The holiday season is a perfect excuse to break so many of the restrictive food rules some of us follow throughout the rest of the year, and we can pretty much sum up this revelry in one word: indulgence! It’s tempting to pass some of that culinary generosity along to your feline family members during the festive seasons, and the good news is you can! But not all of it. To help you spread the cheer without putting your precious furballs in harm’s way, here’s a simple guide to some foods you can safely share with your cat on Thanksgiving (and any time!).
The major concerns
In case you’re already holiday-stressed and your attention span is lagging, let’s start with the high-level concerns. There are some common ingredients found in Thanksgiving dishes that your cat should NOT have. Here they are:
*Citrus fruit or juices
Of course, there are plenty more foods that cats shouldn’t eat, and a fuller list is provided by the ASPCA, along with more information about each, but these are the prime suspects for Thanksgiving danger. Keep in mind that some ingredients may slip into recipes in less obvious ways, so you need to think carefully about the full preparation of each dish before you serve it to a kitty.
Good question! Here are some examples of potential pitfalls to common dishes that would make them unsafe, or at least unhealthy, for your cat.
If you’ve stuffed your turkey (a practice generally considered unsafe even for humans) or roasted it with onions and garlic in the pan, you’ve made it unsafe for Mister Whiskers. Yes, it’s possible to find uncompromised pieces of meat, especially before carving and plating, and you’re welcome to do so, but just be super sure those pieces truly haven’t come in contact with dangerous ingredients. The same holds for citrus fruits that may be used to moisten or dress the turkey for the table!
Skip this one entirely. Aside from harmful spices or flavoring ingredients that may end up here, your cat simply doesn’t need the fat content. A little caloric splurging can be fine for you, but things like sugar and fat have a stronger impact on cats’ tiny bodies. Store-bought gravies may also contain dairy, which your cat shouldn’t have either, despite what you’ve always thought about cats lapping at saucers of milk.
This one is almost surely to be a problem for Princess, very likely containing some degree of onion and garlic, even if just in their powdered forms. Stuffing recipes are often a source of family pride, so they vary considerably, adding even more potential for the inclusion of some ingredients that may make it the best Thanksgiving stuffing in America, but unsafe for your four-legged feaster.
Green Bean Casserole
Remember what we said about dairy? If you’re using cream of mushroom soup in your recipe, the cream content alone is too unhealthy for your cat, but the addition of mushrooms makes it even more likely to cause some unsavory symptoms and regurgitations you don’t want to find around the Thanksgiving table. This is most likely another pass.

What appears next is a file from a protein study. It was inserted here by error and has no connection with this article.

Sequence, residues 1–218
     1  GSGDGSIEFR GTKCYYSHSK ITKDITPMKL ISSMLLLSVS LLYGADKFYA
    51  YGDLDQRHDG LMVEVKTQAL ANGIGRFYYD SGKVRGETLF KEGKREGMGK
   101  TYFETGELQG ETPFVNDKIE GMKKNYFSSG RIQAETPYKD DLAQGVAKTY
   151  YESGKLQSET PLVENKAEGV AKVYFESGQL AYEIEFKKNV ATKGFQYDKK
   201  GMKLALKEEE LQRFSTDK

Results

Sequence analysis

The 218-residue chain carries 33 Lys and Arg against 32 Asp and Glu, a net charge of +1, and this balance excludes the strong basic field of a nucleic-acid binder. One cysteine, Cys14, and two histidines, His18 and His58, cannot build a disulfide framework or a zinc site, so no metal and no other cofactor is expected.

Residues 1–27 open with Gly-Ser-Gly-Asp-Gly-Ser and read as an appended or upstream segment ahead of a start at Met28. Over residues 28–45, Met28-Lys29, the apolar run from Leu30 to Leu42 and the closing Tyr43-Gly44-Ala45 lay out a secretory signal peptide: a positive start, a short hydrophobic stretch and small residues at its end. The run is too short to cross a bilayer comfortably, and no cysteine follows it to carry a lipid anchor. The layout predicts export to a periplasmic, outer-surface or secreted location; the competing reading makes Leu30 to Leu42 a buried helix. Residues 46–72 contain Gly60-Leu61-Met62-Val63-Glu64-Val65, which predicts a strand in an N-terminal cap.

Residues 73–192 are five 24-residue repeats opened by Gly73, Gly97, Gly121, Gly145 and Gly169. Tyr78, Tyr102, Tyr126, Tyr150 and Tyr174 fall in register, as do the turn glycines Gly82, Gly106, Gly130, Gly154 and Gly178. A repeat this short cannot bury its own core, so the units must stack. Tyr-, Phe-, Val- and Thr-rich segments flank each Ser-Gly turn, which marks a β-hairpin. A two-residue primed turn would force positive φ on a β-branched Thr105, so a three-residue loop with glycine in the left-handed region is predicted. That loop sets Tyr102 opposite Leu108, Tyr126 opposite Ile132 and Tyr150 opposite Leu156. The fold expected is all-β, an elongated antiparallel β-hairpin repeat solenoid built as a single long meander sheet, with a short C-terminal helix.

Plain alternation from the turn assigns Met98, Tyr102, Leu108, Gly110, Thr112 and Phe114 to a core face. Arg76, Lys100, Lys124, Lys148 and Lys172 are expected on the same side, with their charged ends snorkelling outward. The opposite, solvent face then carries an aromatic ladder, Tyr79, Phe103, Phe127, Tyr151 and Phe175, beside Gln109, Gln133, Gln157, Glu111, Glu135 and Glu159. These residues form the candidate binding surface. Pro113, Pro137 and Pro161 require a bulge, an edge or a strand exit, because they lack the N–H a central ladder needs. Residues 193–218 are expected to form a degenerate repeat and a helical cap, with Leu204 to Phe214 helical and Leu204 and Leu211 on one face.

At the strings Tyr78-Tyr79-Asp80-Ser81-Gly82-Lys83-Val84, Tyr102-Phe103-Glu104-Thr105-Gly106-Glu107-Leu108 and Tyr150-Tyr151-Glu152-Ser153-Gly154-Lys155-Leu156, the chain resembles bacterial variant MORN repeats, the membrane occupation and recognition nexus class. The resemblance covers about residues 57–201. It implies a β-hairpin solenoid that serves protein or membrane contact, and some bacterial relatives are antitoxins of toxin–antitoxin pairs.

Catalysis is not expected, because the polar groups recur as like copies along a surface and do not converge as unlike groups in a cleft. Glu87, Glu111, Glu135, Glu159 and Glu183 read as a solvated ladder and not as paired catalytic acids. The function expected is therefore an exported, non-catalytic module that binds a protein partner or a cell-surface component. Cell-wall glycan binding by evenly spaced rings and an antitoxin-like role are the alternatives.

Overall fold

We’re assuming you’re catching the drift by now, but we’ll repeat this just in case you’re already in a Thanksgiving food coma: If your recipe is full of dairy, this is a problem food. If you’re serving lactose intolerant guests and have prepared your potatoes with an alternative like oil, then your mashed potatoes are better for Boots, but still not healthy, so a little dab will do.
Greens are nearly as good for kitties as they are for humans, and you may be surprised by how many furballs will go for them, but just be mindful of what you used to season your vegetables. As always, onion and garlic are out, and powders still count. Too much salt is dangerous to cats, too, so if you’ve been heavy-handed with the shaker, you’ll have to skip this seemingly healthy side.
Like dairy-free mashed potatoes, there’s nothing toxic in cranberry sauce and nothing that will cause unpleasantness like vomiting or diarrhea. Still, this jellied sauce that we inexplicably now eat as a side dish is more akin to a dessert than anything else and is pure indulgence. You’re welcome to add a smattering of cranberry sauce to Calico’s plate for color, but it’s unnecessary, and she won’t particularly care about it anyway.
Isn’t this supposed to be about what cats CAN eat?
Okay, you’re right—this does sound a little foreboding, so far. But keeping the kitty safe is our primary concern, and yours, too, or you wouldn’t be here! It’s far more effective and important to point out what you cannot give your cat, rather than imagine everything you could. Lest you think, after reading this, that there’s nothing left on the Thanksgiving table you can share with your hungry hairball, consider that every one of these dishes can be safe for your cat, depending on what you use to prepare them. If you really want to share your holiday meal with your kitty in a way that you are 100% sure is safe, you can often separate a very small portion of each dish before no-no ingredients are added and prepare a purrfect platter for Paws. If you need some extra inspiration for this heroic endeavor, check out books like Cooking for Two: Your Cat & You, which even has a Thanksgiving Dinner recipe already mapped out for both of you.